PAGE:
Steve, Michael - In Providence, the several bodies that hold specific design-review authority over new construction in the city and its downtown are obtuse not because they are filled with architects whose education deadens their sensitivity to what fits into streetscapes of historical character. They know very well what fits and what does not fit. They believe, however, that for Providence to be the creative city it has touted itself as being for two decades at least, that its new buildings must somehow appear to contradict what they consider the staid and uncreative buildings of the past - not the recent past but the more distant past. To approve a building that fits into Providence's historic streetscapes would not so much go against their education (though if they are architects it would), but against their idea of what is hip. Be they architects, lawyers, developers or bankers or tradespeople, they consider themselves hip, and they want the city to be remade in their image. Comfort and aesthetic pleasure for the public at large is not key. To be edgy is the key. It has been the powerful new buzz word lo these many years, and they bow down to it as if it were a sort of god.
But yes, there are modern architects on all of these panels - the Capital Center Design Review Committee, the Downcity Design Review Commission, even the Providence Historical District Commission. I do not believe they hold a majority on any, but they talk the talk better than the others. These members do, I believe, favor "edgy" design not for being all they know because of flaws in their education. It is largely because they want to steer work to their friends in the business, and in turn have work steered toward their firms. I don't believe that this is just a Providence thing. And it is not so much unethical as human all too human. Nor, as I say, is it the only motive. They are people who love their city just as much as I do, but they believe that its future must be "edgy" in order to have the best hope of prosperity. They just don't think that more traditional buildings, more buildings that fit into the traditional streetscape (which in Providence remains extensive, both downtown and in the neighborhoods) is the answer. If anything, I fear that my own writing has only hardened their attitude. They merely believe that to attract outsiders, the city needs to be seen as "creative," and their idea of creativity is limited.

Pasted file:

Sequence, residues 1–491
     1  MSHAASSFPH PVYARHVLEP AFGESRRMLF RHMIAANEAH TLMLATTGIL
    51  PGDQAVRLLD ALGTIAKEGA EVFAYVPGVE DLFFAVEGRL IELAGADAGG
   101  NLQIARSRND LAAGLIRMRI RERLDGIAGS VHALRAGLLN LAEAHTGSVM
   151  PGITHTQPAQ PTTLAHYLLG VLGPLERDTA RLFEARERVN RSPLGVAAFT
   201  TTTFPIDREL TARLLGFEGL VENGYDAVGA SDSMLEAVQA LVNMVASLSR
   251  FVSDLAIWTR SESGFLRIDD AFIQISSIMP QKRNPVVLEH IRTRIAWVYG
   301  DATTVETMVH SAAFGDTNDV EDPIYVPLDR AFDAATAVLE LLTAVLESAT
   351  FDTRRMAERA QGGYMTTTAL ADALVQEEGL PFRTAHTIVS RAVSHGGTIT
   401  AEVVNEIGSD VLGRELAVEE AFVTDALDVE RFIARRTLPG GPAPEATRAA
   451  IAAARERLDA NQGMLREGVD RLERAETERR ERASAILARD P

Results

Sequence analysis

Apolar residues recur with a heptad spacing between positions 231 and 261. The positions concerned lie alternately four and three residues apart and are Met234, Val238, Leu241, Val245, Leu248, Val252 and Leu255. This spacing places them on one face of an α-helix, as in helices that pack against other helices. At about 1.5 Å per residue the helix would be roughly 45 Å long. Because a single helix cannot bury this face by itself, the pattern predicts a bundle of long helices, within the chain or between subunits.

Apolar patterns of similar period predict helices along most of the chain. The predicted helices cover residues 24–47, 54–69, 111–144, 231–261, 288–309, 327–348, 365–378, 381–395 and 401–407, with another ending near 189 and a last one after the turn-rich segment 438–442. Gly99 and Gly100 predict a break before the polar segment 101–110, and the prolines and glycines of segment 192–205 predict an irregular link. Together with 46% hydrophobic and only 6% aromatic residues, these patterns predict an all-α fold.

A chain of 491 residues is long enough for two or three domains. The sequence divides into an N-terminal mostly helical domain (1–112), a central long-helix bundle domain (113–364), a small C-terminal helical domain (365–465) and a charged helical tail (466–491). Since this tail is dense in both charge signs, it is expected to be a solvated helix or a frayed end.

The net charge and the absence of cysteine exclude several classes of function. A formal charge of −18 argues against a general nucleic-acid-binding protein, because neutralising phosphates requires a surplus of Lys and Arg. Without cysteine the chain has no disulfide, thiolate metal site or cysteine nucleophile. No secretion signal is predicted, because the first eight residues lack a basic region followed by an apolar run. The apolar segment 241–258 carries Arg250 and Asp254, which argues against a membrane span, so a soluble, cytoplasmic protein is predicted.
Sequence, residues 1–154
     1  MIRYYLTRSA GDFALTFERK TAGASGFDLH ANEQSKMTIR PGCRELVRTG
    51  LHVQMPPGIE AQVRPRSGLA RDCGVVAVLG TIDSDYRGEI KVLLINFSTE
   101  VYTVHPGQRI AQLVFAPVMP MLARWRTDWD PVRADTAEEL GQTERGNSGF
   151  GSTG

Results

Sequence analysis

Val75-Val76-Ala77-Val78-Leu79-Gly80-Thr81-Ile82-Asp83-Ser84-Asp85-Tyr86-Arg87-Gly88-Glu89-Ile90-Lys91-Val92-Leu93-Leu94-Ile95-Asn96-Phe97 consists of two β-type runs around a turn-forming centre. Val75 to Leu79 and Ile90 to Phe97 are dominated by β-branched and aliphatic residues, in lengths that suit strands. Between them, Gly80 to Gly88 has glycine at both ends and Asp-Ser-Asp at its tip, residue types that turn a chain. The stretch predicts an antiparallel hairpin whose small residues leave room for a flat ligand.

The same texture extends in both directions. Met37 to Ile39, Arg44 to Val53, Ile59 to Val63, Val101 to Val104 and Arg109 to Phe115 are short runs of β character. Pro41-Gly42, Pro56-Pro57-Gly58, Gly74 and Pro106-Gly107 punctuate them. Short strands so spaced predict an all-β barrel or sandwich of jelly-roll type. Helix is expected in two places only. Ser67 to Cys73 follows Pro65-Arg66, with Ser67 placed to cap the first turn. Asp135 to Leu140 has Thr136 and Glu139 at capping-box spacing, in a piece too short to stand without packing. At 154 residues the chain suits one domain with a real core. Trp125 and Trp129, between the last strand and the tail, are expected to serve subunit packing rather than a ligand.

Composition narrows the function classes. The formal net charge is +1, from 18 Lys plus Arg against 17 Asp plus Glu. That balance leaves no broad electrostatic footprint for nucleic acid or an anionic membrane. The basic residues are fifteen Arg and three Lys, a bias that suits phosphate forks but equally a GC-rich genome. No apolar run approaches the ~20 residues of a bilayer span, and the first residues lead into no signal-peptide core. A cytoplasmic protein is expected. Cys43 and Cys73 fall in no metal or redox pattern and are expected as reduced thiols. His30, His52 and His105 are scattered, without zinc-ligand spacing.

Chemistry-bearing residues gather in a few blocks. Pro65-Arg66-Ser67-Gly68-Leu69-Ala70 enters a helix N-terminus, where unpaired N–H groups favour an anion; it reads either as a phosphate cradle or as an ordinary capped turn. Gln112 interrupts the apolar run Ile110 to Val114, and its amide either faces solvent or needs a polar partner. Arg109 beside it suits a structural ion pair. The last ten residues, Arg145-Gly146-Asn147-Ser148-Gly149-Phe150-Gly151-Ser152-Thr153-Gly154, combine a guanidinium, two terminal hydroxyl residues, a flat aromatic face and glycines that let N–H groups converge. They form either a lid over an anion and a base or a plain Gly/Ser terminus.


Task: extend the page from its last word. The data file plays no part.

I find that I may have talked myself into the idea that the key is indeed the miseducation of the architect!
Green is only now beginning to scratch the surface in Providence, but it is a gizmo green. I have argued repeatedly in my columns that old buildings that are loved because they are beautiful are the most sustainable buildings, and that new buildings of like character will be more likely to build commitment - the idea at the center of Original Green - but it's like spitting into the wind. Prince Charles in his recent speech made the identical point. He is probably spitting in the wind, too. So, Steve, I do earnestly hope that you and others of like belief are already beginning to turn the conversation on green in a more intelligent, genuinely sustainable direction.
- David Brussat
PS - Please let me know if you would like me to send you some past columns that hit these particular notes, such as one a couple of years ago when the annual convention of the Rhode Island Historical Preservation & Heritage Commission was about green architecture. You'd think they, at least, would be marinaded in good sense on this issue, and others, but, boy, did they have a lot to learn!
Tuesday, May 26, 2009 - 07:00 PM
Michael, the over-reaching design review panel isn't the problem in most places I've ever worked. Rather, the reason that many great designs never reach the brochure is because we have no living traditions to elevate the work of the tradespeople, IMO.
David, by all means, please post the articles you mentioned! I read your column frequently, but don't know if I saw the ones in question. As for turning the conversation, I'm of the opinion that persuasiveness isn't as important as the way we frame the debate. Gizmo Green only wins so long as someone has blinders on. If we're able to frame sustainability as wide as it really is, then the Original Green clearly makes much more sense.